Before the bumboat ferrying Mr Lai Gee, 77, even reached the jetty of Pulau Ubin on a Sunday morning last month - his first trip back in 50 years - old friends from his childhood days started calling out to him from shore.
"Black mole," they yelled - a nickname villagers gave him because of the birthmark on his face - as they rushed to embrace him.
Mr Lai, who grew up on Ubin, used to walk and cycle around the village freely as a young boy. But when he returned to the island on Sept 1, he moved around with a walking stick and a wheelchair as part of his foot was amputated in 2016 after complications with diabetes.
He was helped by five employees and volunteers from the Home Nursing Foundation, as well as the two founders of the group Accessible Ubin, Mr Albert Liu and Mr Colin Chew, who helped to hire a spacious bumboat and van to accommodate his wheelchair.
The Home Nursing Foundation, a healthcare service provider, had organised the outing - one of five excursions for seven of its elderly, home-bound patients - as part of its efforts to mark International Day for Older Persons 2019, which is celebrated today.
Home Nursing Foundation chief executive officer Christina Tiong said these outings aim to encourage the elderly to revisit places from their past, relive fond memories and reconnect with friends.
Mr Lai, who started working on the island's granite quarries when he was 11, left the island for mainland Singapore in 1972 after the quarries - the main source of economic activity on Pulau Ubin - started closing down. He said he never found the chance to return.
Speaking in Mandarin, he said: "After leaving Ubin, I worked in a variety of fields, from sand reclamation to renovation projects as a contractor. I even had my own hardware store and, over the last 20 years, was a bus driver. I never thought of returning to the island, not even with my wife although it was the site of our wedding ceremony. We were just so caught up with work."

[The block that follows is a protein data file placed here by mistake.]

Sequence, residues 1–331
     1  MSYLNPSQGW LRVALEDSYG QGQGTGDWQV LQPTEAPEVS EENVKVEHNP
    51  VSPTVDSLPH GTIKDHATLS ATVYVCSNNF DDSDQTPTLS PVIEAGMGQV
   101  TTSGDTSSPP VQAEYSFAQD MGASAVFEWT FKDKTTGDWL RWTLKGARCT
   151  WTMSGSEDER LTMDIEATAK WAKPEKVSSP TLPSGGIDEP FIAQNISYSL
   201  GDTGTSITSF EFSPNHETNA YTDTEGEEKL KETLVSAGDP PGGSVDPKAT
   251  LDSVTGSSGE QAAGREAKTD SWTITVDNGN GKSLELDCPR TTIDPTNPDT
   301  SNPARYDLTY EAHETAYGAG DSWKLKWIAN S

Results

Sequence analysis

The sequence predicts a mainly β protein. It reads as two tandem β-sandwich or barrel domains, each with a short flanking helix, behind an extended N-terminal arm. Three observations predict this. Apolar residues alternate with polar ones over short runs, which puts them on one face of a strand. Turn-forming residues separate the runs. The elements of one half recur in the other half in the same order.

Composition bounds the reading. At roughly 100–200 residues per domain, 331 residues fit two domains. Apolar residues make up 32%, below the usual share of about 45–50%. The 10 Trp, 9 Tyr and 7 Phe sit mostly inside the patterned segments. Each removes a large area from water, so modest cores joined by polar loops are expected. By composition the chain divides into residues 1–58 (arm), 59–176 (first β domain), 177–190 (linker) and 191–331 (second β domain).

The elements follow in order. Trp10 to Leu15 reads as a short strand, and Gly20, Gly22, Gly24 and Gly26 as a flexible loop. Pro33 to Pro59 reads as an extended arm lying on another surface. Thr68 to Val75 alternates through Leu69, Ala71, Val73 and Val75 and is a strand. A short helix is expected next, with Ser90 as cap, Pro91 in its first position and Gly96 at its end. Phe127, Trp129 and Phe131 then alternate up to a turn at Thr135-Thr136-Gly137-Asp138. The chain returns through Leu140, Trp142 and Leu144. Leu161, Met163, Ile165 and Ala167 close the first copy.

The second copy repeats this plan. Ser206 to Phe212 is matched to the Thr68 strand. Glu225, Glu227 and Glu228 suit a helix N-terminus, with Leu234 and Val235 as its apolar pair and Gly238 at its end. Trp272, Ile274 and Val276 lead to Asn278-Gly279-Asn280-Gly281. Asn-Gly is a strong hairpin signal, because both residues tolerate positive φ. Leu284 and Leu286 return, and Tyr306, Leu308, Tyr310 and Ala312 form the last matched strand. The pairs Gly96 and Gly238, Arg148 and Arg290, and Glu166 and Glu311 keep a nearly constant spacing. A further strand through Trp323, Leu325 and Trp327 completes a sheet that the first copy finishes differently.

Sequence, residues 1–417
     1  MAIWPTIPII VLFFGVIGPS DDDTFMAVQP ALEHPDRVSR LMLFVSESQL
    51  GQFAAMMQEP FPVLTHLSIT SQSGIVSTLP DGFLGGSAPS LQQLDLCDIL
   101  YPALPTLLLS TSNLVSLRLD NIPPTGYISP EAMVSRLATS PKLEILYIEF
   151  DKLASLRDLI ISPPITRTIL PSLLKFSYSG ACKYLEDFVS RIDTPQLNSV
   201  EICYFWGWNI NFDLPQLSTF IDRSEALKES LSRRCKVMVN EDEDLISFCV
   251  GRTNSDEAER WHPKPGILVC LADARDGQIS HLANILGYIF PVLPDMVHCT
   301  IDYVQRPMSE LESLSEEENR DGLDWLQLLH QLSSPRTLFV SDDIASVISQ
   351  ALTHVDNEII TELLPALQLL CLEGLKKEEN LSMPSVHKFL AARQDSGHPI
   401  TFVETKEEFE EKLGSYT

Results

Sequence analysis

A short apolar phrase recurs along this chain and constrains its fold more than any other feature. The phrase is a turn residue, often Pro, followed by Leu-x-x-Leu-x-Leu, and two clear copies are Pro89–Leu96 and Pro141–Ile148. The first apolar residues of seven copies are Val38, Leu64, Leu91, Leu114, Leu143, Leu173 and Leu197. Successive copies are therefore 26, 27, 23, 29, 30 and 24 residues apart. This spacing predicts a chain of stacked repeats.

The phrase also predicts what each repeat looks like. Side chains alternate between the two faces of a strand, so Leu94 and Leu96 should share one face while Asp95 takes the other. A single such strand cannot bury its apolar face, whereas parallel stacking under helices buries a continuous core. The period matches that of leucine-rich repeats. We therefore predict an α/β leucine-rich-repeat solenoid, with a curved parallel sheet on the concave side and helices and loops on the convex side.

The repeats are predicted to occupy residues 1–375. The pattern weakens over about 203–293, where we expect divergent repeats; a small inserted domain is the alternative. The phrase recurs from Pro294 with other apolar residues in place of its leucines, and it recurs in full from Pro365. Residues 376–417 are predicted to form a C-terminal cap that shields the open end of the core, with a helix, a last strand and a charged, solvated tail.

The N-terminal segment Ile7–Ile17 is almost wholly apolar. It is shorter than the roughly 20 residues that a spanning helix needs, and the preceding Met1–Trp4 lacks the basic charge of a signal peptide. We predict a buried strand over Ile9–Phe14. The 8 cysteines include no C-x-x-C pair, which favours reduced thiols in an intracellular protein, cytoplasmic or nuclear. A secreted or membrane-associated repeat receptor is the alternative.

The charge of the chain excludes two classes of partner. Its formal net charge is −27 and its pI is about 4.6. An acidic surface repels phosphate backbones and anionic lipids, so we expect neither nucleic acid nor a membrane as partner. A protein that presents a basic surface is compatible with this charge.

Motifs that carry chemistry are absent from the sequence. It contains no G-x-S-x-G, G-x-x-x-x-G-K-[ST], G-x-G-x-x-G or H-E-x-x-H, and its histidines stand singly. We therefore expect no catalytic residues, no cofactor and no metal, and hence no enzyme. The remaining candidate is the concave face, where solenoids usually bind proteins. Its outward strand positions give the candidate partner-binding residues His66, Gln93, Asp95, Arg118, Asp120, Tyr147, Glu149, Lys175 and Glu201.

Mr Lai said the couple barely had enough money to renovate their new three-room flat in Kallang Bahru, which they moved into in 1972, and are still living in.
He and his wife, Malaysia-born Mork Kiew, 78, have three children. Madam Mork did not accompany Mr Lai to Ubin as she tends to get seasick.
In his golden years, Mr Lai said he started reminiscing about his old kampung but was unable to make the trip on his own because of his amputated foot.
"I wanted to see it one last time... I longed to see my old friends and the island's rustic nature. It had been my dream but I didn't dare ask anyone. Who would be available to take me all the way to the island in my condition?"
Mr Lai said he jumped at the chance to visit Pulau Ubin when the Home Nursing Foundation spoke to him about it in July.
He visited the site of his old home near the Kampung Bukit Coffee Chinese Cemetery, where he grew up with four siblings. They reared pigs and chicken and had a small vegetable garden. His father worked at the quarries too.
Mr Lai said his house was demolished in 1972. Today, just a few wooden planks remain at the site.
He noted the changes on the island. "Where there used to be muddy dirt tracks, there are proper roads, so it's easy for Singaporeans and tourists to come and explore our beautiful kampung.
"I'm happy and extremely grateful to have been able to visit Pulau Ubin once more and to share a little about its history with the young group of volunteers and workers accompanying me. It will be the last time I ever get to see it."